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This article is taken from PN Review 220, Volume 41 Number 2, November - December 2014.

Eavan Boland, the Good Manager Theo Dorgan
When I was a child, my mother and her women friends had a term for a capable woman: she’s a good manager, they’d say, the circle of faces acknowledging the accuracy, the justice of earned praise. A good manager kept a good house, was provident, foresaw what would be needed, put money and other resources aside against the rainy day that was all too often literal – keeping your children shod against winter was a recurring care.

They had a kind of watchfulness, these women, an air of attentive quiet, a stillness around the eyes, an atmosphere of clarity in their houses and about their persons that was almost visible. When they looked at you, you felt yourself considered. When they thought about something, you trusted their conclusions.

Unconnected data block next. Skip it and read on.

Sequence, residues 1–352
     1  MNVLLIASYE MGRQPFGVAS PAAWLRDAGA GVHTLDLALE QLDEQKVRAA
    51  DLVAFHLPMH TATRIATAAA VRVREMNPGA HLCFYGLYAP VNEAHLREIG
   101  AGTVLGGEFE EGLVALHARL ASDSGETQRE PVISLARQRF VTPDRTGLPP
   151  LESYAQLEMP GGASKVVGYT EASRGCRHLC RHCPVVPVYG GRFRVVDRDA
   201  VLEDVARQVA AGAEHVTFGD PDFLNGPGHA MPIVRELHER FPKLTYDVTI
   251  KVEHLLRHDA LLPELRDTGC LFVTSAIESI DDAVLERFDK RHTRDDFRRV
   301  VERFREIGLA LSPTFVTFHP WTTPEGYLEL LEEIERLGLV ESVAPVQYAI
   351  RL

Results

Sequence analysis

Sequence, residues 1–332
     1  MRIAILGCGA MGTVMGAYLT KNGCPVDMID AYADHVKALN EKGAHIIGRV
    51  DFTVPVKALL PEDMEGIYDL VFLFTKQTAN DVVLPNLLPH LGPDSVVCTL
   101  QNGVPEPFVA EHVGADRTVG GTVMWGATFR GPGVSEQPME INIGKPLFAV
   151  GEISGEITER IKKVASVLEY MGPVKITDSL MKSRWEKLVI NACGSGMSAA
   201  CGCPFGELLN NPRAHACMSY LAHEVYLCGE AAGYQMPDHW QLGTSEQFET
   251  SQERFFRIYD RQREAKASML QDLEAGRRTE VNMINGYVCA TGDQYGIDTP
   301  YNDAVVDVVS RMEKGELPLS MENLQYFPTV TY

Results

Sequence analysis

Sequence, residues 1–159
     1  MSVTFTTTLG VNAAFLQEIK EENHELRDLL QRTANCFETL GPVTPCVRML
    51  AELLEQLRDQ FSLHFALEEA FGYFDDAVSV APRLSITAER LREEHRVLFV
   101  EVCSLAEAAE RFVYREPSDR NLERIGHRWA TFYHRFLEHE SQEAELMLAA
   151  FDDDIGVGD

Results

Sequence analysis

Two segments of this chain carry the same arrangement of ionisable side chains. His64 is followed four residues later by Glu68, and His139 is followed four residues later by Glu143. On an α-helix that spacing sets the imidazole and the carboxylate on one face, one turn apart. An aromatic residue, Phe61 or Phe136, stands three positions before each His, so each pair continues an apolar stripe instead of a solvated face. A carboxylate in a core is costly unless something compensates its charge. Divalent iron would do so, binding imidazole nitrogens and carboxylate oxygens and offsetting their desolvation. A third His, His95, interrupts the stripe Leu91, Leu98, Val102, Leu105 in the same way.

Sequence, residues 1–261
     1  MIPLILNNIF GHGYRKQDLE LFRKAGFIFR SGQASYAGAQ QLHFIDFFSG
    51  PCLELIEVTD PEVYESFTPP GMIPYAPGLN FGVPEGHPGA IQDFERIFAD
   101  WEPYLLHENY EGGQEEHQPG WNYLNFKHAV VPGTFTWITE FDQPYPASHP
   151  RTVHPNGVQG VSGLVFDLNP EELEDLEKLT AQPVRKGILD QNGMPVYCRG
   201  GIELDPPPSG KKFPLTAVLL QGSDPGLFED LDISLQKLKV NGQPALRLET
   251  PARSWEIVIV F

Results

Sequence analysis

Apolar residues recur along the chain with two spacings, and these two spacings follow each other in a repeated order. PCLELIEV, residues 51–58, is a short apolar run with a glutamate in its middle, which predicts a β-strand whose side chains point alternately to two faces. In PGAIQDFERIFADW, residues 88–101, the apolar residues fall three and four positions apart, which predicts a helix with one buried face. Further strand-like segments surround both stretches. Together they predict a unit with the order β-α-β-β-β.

The good manager in our small community was a resource; resourceful herself, and known to be so, she had the power and the capacity to help resolve situations, to inspire, to give good counsel; to be, if needed, a clear-sighted champion.

I have always loved and admired the way Eavan Boland manages her thoughts, her perceptions and her poems. How she carries herself in the world, how she moves in language, and in our lives as readers, with a cool air of consideration about her person and in her work.

Justin Martyr, a Christian apologist of the second century, says of Athene, protector of the city, that ‘when the god had in mind the making of a world through a word (logos) his first thought was Athene’ – and there is something of ...

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